The National Rail Awards judges could not let the 2017 awards pass without honouring and recognising the brave BTP and Northern staff who ran directly into danger to help during the recent terror attacks in Manchester and London. They made four special awards. These are two of them.
Two weeks after the events in Manchester, events at London Bridge unfolded. At about 2200 on Saturday June 3 a BTP officer, PC Wayne Marques, was on patrol at London Bridge station. It was a busy night with revellers travelling to Borough Market and South Bank to enjoy the night-time economy. The officer was equipped with a radio and standard personal protective equipment, which included an extendable baton.
He heard a scream from outside the railway station which he described as: “The scream of someone in trouble.” He saw people running away from where the screaming had come from, and realised that something was very wrong and that people may be in danger. He saw people on the ground that had been subjected to multiple stab wounds, and then saw people actually under attack by three terrorists.
The terrorists had used a vehicle to attack people on the bridge. They had then disembarked and were attacking people with knives. They were wearing credible-looking bomb vests.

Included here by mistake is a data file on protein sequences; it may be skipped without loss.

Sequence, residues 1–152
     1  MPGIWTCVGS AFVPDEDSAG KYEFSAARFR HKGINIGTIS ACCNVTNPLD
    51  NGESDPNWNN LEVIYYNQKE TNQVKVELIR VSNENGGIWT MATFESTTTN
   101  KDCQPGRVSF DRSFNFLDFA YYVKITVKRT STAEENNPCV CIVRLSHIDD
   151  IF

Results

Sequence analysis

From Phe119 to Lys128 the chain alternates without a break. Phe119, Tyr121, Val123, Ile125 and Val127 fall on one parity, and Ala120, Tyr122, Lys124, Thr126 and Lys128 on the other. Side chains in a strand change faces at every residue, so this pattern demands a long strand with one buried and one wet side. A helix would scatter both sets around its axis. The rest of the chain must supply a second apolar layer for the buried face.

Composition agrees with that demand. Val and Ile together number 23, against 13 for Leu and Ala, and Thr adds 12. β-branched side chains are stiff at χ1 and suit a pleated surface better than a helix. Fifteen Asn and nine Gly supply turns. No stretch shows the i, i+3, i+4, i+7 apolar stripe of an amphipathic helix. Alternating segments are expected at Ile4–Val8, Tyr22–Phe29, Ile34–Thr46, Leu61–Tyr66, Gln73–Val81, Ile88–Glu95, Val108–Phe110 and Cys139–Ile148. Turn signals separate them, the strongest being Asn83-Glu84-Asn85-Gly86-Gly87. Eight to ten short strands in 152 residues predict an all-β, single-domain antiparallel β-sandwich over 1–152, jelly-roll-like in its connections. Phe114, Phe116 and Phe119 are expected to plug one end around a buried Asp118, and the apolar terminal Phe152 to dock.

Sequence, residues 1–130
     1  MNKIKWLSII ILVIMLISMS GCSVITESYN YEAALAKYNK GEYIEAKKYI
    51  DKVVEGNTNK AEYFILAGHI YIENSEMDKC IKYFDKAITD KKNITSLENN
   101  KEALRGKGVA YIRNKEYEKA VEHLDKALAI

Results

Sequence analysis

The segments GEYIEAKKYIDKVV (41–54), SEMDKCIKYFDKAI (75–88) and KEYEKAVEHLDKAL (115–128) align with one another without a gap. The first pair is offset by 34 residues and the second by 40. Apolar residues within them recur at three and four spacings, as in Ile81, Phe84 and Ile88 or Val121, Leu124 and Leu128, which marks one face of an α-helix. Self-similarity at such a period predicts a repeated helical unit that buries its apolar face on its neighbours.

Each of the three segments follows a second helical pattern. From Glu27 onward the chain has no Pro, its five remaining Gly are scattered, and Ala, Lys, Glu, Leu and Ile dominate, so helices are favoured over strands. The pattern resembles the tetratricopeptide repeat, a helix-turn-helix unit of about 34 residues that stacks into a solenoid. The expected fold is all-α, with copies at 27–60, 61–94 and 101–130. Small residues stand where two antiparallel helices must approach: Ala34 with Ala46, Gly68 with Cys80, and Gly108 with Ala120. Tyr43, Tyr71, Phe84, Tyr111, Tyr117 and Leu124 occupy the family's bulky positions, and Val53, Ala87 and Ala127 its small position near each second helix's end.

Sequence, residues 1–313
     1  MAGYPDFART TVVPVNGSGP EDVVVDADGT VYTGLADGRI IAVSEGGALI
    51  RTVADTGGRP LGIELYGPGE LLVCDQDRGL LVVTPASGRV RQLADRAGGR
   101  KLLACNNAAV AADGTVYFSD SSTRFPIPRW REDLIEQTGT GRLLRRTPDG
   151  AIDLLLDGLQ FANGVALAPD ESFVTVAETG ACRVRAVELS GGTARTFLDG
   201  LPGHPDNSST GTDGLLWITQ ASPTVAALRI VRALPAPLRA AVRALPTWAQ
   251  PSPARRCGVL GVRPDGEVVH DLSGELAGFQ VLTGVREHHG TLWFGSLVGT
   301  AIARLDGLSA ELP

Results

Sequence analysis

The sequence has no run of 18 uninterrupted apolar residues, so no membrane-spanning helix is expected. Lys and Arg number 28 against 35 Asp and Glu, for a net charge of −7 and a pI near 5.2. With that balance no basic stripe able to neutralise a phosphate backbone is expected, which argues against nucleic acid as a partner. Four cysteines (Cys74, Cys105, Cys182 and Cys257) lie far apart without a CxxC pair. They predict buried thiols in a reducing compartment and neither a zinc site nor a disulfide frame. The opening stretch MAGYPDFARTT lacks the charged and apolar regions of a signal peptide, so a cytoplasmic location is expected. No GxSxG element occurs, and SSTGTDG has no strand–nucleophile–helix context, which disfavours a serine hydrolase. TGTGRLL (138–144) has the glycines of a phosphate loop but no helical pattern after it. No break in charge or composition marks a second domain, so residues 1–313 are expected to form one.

He ran towards trouble. As an experienced officer, he knew that the odds were against him. The best he could hope for would be to engage them and slow them down enough to buy some time for the injured, dying and fleeing people who were terrified. He knew what the probable outcome for him would be.
He engaged the three terrorists with his baton. He was stabbed and slashed several times, receiving extremely serious injuries. He carried on until he succumbed to these injuries and lost consciousness through loss of blood. BTP Chief Constable Paul Crowther visited Wayne in the emergency room - Wayne’s only words while being treated were apologies for not doing enough: “There were too many of them Guv - I’m sorry.”